One of the most puzzling debates I have heard in my adult life is, ¨Should social workers who are faculty be required to be state licensed/certified in their jurisdictions?” Why is this perceived dilemma puzzling to me? Two reasons.
Licensing of Social Work Faculty: An Issue of Ethics?
One of the most puzzling debates I have heard in my adult life is, ¨Should social workers who are faculty be required to be state licensed/certified in their jurisdictions?” Why is this perceived dilemma puzzling to me? Two reasons:
First, I don’t see how a person with a professional degree (MSW) could even conjure up the question. How could a professional even consider the option of not having a license/certification? Comparatively speaking, faculty in other professional degree granting programs don’t consider the option of failing to be licensed. We rarely see law school professors who are not members of the bar. I have met one and asked him why he was no longer a member of the bar. He replied by saying, ¨I actually am, I tell people I’m not so I won’t be asked for legal advice and representation.¨ Most law professors are members of the bar and would not consider an alternative. Find me a law professor who is not a member of the bar. I’d like to meet one. In my travels, I have met one physician/professor who had no interest in having a medical license. To restate his commentary in the most tactful manner possible, he didn’t like people -- particularly sick people. His professorship in the medical school was limited to grant acquisition focusing on experimental designs. Occasionally, he taught research/statistics. After speaking to this physician, I think he made the right decision by not practicing medicine. However, he was certainly competent as a principle investigator and grant writer. His eyes lit up when he was number crunching and saddened when he faced patients.
Second, back in the 70´s when I received my appointment to teach social work at a university, I was struck by the prologue in Herbert Strean´s Clinical Social Work. Here he notes that many senior social work professors haven’t practice social work in 20 years. The concepts many professors address in class are far from the cutting edge. I actually noticed this phenomenon while an MSW student. At that point, I made a commitment to continue to practice social work and never let myself be accused of being behind the times or not being well-read. It appears as if the situation hasn’t changed. Last spring, an MSW student told me that she had more years of practice experience than two of her professors with Ph.D.s in social work. Being current is an ethical obligation for social work professors. How can one be current without practicing?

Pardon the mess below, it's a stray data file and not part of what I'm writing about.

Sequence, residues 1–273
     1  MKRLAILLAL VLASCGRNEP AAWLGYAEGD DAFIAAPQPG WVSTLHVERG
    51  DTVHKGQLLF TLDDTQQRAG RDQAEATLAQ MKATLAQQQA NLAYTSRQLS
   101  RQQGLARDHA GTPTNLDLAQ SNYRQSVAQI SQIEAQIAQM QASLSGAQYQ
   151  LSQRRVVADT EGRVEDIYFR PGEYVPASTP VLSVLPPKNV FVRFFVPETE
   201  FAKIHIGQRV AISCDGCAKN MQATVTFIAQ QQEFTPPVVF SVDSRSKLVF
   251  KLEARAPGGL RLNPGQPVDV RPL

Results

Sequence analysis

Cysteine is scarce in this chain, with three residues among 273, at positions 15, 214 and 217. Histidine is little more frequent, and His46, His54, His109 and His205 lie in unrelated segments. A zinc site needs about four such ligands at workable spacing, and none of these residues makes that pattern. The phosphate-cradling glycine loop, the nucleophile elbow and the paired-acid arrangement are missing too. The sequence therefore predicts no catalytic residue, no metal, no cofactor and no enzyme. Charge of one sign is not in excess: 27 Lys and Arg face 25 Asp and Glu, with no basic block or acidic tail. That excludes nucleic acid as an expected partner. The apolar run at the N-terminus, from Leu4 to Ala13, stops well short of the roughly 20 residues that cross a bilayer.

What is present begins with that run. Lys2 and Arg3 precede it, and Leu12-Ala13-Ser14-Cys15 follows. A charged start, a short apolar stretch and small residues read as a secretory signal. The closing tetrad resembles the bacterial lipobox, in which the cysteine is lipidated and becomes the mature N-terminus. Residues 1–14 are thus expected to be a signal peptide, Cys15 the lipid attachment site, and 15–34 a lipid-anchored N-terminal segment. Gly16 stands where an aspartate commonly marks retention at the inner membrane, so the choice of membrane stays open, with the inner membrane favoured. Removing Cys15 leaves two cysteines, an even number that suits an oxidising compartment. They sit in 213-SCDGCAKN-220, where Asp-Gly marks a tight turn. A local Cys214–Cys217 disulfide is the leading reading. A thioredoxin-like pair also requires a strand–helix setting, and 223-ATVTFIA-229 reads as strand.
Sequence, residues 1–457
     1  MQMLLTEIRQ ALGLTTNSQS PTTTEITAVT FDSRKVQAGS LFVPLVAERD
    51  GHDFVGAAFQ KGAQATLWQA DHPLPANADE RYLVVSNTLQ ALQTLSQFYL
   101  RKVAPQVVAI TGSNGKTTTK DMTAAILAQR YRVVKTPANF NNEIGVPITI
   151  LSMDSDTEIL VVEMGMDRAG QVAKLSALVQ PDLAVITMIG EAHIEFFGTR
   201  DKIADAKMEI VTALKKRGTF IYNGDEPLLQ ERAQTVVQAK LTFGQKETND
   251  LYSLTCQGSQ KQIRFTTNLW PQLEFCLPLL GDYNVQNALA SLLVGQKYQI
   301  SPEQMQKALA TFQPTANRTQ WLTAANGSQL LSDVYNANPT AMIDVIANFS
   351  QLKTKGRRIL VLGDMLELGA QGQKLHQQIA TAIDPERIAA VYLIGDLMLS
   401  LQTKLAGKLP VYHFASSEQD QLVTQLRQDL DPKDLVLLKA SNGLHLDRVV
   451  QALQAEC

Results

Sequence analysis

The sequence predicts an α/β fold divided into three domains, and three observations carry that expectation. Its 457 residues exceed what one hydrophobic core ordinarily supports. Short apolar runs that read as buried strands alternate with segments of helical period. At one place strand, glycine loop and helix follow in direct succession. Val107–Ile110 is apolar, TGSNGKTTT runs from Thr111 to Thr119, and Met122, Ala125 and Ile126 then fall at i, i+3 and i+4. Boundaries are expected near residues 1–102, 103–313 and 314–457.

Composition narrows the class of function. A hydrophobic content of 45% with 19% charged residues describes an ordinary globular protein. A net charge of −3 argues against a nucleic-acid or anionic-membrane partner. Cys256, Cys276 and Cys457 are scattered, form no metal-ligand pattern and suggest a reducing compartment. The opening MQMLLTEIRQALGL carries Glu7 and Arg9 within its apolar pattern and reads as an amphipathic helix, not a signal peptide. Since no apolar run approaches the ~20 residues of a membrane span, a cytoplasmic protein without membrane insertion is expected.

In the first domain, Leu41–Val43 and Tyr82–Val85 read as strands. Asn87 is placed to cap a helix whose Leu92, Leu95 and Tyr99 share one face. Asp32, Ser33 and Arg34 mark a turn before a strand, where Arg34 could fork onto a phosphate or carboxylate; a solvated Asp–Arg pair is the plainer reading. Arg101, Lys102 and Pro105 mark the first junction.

To restate the obvious, the NASW Code of Ethics includes standard 4.01 a and b. Here it is written:
Social workers should accept responsibility or employment only on the basis of existing competence or the intention to acquire the necessary competence. Social workers should strive to become and remain proficient in professional practice and the performance of professional functions. Social workers should critically examine and keep current with emerging knowledge relevant to social work. Social workers should routinely review the professional literature and participate in continuing education relevant to social work practice and social work ethics.
Sounds simple? But how does one really know when one is competent? Actually, the answer is found in a question: What do faculty in other professional programs do in order to demonstrate competence? Answer: Complete the appropriate state exams! Doing otherwise doesn’t seem ethical. The bottom line is, the best way for a faculty member to demonstrate competencies by having the state license or certification and maintaining it by complying with the continuing education requirements. Frankly, I think all social work faculty have an ethical obligation to be state licensed or certified. Doing otherwise is an embarrassment to the entire profession.
Stephen M. Marson, Ph.D.